When the article says that the US was in the same state in 2004, and Canada shouldn’t lend exotically to avoid a downturn, TOO LATE.

This is exactly what those 40 year 0% down mortgages are.

You have exactly validated what we are saying with this link to the G&M article. Austria and Canada are the only 2 holdouts? How long is this going to last? The author said I’d be less worried in TO than Barcelona, does that mean we are going to his a small iceberg vs a large one?

Will prices only drop by 10% vs 30%? Isn’t that bad enough for those who bought 0 down? 10% on 750K (per article) is still 75K, that’s a lot of Flat-screen TV.s and Cars that they will no longer buy because what if it goes down 20% and they can’t refinance the variable rate at 4% but they can get a high risk loan at 8 or 9%?

IMF has no interest in the Canadian Housing Market? What about all the other people quotes? Bankers at our largest Mortgage holders???? NOT a little suspect? Mr. TAL whom I regularly whatch on BNN hasn’t really gotten that much right in the last couple of years….He isn’t dumb but certainly no Oracle. I would take odds that he is off his numbes this time…

Remember emotion and panic have not yet started…if/when it does then all bets are off….

Good luck to All!!!

#27 shoutoutoutout! on 04.11.08 at 11:45 am

Garth, what do you think about the IMF article? If prices stop going up, which they have in Calgary, is this price point the new baseline here?

#28 Carrion on 04.11.08 at 12:31 pm


I looked up the actual IMF report, http://www.imf.org/external/pubs/ft/weo/2008/01/index.htm
and think it’s clear that any conclusions being drawn from it re Canada real estate are based on national averages, which when you look at them aren’t so terribly out of whack with average income, etc — but in certain regions in Canada they certainly are, which I think is the whole point Garth makes.

There will be a correction in those bubble areas and people who got swept up in the irrational exuberance will suffer. And if you’re one of those people, at least you will have your ‘finance degree’ to fall back on (Although from reading your posts, I’m thinking you really meant ‘diploma/certificate’ or ‘read Donald Trump’s book twice’).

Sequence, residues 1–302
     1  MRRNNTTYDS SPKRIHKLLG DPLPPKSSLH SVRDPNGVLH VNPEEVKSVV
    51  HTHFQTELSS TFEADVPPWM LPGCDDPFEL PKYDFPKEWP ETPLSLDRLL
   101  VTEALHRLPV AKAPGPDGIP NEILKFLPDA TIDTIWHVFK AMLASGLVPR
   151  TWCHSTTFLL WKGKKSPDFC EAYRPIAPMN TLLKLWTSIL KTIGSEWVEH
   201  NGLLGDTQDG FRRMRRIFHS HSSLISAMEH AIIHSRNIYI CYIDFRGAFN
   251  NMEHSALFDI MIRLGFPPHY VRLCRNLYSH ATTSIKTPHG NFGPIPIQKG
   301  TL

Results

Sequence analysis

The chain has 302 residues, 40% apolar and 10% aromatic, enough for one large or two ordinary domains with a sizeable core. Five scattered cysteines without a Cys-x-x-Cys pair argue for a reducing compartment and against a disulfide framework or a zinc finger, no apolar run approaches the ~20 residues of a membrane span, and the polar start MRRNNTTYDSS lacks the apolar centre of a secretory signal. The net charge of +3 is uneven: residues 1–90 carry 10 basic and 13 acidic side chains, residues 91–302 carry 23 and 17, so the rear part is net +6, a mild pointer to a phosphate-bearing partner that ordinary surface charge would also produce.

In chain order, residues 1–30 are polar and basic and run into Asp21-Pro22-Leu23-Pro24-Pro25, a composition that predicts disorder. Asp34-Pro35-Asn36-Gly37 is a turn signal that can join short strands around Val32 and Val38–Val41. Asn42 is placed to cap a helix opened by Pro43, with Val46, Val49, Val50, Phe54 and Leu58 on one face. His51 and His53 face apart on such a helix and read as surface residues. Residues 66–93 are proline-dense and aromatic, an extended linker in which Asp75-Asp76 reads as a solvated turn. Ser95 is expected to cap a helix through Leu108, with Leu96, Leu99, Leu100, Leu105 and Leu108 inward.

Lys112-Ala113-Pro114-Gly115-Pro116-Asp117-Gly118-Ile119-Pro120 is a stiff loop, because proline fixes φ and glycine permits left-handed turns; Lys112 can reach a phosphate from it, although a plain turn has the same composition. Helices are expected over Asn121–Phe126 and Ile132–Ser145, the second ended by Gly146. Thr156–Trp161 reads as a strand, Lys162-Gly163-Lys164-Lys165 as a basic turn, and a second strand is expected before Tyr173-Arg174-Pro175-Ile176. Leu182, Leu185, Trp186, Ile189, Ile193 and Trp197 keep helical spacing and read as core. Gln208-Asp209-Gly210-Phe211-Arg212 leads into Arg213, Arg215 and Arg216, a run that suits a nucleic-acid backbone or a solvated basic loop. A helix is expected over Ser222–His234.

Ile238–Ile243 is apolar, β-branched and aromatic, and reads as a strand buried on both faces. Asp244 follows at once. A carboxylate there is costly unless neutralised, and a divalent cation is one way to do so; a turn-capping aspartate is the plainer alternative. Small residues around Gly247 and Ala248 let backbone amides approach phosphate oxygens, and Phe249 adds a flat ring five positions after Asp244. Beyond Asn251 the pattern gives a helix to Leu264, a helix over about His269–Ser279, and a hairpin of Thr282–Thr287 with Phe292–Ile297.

#29 SMWhite on 04.11.08 at 1:10 pm

“IF” rates continue to go down so will the dollar against the Amercian. That will drive the price of fuel up and nobody can deny that, that will effect the root of the economy and any goods or services that depend on transportation(which is 99% of them unless we develope a teleportation device) as we’ve seen fuel up 18% year over year. We’re just starting to see the effects as consumers now.

So the Bank of Canada either has us Canadians start paying the price now and raising rates or we can keep punching holes in the ship to keep pace with the US of A’s “wonderful” economy.

Anyway you slice it we’re in a foggy environment and we’re heading into iceberg infested waters.

I presume this is why Garth is being alarmist and I have to agree that there is potential for bad times. I appreciate the views from all angles but the underlying economy is in trouble…


#30 Sam on 04.11.08 at 5:14 pm


Your opinions suck. I have heard the same lame statements from many many real estate agents in the past. Not saying you are one of them but you sure do sound like one and I know Garth is not a hot favourite of the RE Agent community.

I think Garth is doing a great service by saving many many innocent families from getting into a big ditch.

P.S: Do you take your morning coffee before you make your comments on this forum ?

#31 SMWhite on 04.11.08 at 8:30 pm